Losing weight is often touted as a way to improve health, but many weight-loss programmes may not help stave off disease since people tend to gain the weight back, Australian researchers say.
In a report in the International Journal of Obesity, they note the focus of such programmes may need to change if they're really going to have a lasting effect.
To test the potential impact of different diets, the researchers ran two computer simulations: one included a low-fat diet, the other a diet rich in whole grains and vegetables plus 180 minutes of exercise per week.
According to the models, people lost an average of eight to 12 pounds on the diets and kept the weight off for an average of six months. But the pounds slowly crept back on, and after less than six years, the dieters were back where they started - negating any improvement in health from the weight loss.
In addition, the researchers estimate that only about 3% of Australia's population would participate in weight-loss programmes.
"Interventions that try to change the behaviour of individuals but do nothing about the environment in which these people live, are likely to have modest and temporary effects at best," said study author Lennert Veerman, who studies population health at the University of Queensland in Brisbane.
Not a solution
"They are not the solution for the obesity epidemic - more, and different, interventions have to be taken," he added.
Along with continued counselling to help people keep weight off long-term, Veerman suggests a 'junk food tax' and better nutrition labelling. These did seem to have an overall positive effect on health in a parallel study, published in the same journal.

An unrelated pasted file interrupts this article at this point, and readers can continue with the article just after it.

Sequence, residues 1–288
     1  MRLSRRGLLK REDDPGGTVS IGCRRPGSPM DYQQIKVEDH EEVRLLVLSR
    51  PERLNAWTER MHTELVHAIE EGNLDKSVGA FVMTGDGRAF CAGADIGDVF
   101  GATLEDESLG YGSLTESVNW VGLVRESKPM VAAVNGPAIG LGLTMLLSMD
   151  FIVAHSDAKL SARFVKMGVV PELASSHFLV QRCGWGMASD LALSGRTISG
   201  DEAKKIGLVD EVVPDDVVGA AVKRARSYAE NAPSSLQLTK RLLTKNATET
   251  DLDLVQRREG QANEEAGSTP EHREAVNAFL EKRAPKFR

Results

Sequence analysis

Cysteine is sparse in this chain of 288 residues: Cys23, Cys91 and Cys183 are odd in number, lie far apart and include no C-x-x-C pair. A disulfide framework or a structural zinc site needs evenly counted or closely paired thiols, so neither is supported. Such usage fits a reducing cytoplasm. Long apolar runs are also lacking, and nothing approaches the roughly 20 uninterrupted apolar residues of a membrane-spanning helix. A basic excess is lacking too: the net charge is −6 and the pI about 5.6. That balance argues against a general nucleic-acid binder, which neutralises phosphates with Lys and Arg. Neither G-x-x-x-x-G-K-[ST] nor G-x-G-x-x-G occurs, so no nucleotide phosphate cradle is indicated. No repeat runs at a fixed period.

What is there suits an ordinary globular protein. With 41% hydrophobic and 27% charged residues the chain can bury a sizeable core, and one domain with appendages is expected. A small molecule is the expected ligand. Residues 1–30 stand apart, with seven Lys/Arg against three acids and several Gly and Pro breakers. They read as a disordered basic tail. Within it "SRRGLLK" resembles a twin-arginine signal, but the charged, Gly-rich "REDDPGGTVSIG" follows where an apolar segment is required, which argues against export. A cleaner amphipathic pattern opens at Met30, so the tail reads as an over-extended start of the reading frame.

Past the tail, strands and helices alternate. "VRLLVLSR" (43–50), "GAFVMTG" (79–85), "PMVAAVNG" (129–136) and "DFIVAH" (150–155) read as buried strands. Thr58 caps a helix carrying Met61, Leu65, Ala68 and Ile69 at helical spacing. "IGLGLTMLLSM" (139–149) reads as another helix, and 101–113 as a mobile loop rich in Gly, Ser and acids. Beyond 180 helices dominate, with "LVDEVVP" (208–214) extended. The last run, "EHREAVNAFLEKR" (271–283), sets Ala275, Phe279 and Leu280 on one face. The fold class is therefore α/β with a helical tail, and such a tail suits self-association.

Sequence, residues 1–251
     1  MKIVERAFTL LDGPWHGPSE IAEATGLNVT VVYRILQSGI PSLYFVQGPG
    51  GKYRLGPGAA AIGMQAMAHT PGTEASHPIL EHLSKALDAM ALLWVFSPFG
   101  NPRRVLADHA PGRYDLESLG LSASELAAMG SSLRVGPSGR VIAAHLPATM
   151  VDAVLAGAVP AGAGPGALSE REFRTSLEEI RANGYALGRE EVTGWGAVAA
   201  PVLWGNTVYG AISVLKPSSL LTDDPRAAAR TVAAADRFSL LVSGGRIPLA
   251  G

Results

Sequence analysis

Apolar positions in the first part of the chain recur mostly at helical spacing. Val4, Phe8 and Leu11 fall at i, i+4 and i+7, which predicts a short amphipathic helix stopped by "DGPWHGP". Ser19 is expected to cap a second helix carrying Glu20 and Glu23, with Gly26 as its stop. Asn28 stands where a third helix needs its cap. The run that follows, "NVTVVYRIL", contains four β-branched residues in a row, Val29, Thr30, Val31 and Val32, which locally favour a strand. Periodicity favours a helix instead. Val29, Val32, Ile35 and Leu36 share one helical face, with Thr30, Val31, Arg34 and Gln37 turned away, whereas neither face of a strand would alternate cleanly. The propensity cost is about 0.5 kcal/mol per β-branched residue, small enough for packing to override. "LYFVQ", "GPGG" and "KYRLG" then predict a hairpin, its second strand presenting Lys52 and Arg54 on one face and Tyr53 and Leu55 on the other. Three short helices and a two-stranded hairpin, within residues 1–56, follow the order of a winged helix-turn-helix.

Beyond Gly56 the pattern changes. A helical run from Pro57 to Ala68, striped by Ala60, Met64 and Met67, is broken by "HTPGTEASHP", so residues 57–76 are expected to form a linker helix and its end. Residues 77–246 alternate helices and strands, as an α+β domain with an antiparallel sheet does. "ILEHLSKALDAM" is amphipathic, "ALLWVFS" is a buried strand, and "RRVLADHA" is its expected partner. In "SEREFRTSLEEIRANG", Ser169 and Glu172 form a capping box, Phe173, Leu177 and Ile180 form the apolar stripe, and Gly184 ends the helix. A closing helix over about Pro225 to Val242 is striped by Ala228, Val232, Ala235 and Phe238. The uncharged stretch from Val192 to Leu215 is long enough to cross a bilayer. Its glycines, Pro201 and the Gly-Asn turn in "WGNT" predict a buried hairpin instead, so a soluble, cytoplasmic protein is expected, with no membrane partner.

In the US, 73% of adults are overweight or obese, according to the Centres for Disease Control and Prevention.
The extra pounds increase the risks for a multitude of ailments, including diabetes, heart attack, stroke, high blood pressure, and some types of cancer. And according to the surgeon general, they rack up a yearly bill of $117 billion in the US, counting health care spending and lost productivity.
"We understand that weight loss programmes that we have now are really helpful for individuals," said Hollie Raynor, associate professor of nutrition at the University of Tennessee in Knoxville. "But the challenge seems to be, how do we help individuals maintain this weight loss over time?"
Financially speaking, the Australian study shows a dieter who also exercises would save an average of $1,088, and someone in the low-fat diet program would save about $1,040 in health care costs.
Nonetheless, Veerman said, "the fact that not everybody (who's) overweight wants to, or can, participate reduces its overall effect on the overweight-related burden of disease in the population."(Reuters Health/ January 2011)
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